Patent_00_ma_fischblase
  • Patent_00_th_fischblase


Mind the slip

Super thin, `extra sensitive´ condoms are a true luxury of our time. Former generations had to resort to rather thicker or more costly designs – made either of thick rubber, with little flexibility and even less comfort for both man and woman or of expensive natural membranes such as cleaned lamb intestines or swim bladders from fish of appropriate size (e.g. catfish or sturgeon). “Considerably longer lasting, finer and also less perceivable during usage, fish bladder is to be favoured over the rubber, as it scarcely interferes with sensitivity.” (quote from Ed. Baumgartner sales catalogue, Luzern, Switzerland, 1908)

Still, the risk was high that the condom lost its halt and could not be withdrawn again. Striving to avert such perils, a ribbon or a rubber ring fixed to the upper end of the condom should have kept it where it belonged.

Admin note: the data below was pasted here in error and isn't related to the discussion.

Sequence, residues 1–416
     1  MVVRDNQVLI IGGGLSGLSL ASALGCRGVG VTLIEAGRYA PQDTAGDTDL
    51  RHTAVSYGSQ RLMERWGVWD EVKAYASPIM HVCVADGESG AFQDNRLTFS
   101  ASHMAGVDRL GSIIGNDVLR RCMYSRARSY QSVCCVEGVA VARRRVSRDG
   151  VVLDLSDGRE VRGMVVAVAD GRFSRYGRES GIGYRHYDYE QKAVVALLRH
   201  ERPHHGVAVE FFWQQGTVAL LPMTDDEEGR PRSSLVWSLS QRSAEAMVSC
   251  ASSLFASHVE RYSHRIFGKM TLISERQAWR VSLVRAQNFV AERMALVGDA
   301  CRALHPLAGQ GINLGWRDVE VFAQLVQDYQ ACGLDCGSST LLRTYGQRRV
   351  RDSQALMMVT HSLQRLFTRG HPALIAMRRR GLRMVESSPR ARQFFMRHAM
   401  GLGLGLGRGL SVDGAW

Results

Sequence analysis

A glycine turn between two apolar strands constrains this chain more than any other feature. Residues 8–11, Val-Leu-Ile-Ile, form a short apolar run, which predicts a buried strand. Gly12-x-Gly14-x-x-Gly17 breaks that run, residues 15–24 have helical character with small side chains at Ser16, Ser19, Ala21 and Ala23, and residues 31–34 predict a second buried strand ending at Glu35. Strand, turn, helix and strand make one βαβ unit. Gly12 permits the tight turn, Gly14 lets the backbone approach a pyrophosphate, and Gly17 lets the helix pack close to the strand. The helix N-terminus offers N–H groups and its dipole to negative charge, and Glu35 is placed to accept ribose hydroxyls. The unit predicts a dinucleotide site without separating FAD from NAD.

Challenged inventive spirits worked around perfecting of these contrivances: Holding without constricting. One of the engineers was Willibald Schaarschmidt of Leipzig. In 1910, the Imperial Patent Office in Berlin registered his `contrivance for holding a fish bladder condom´. The present invention consisted of two stiff telescoped rings holding the condom´s rim. “The rings can be from any material. Advisably, the inner ring is made from a thin metal sheet, while the outer can either be from a metal sheet too or from hard rubber, celluloid etc.“

Luckily such monstrosities have become unnecessary nowadays. The protection against unintentional pregnancy however didn´t improve much since then.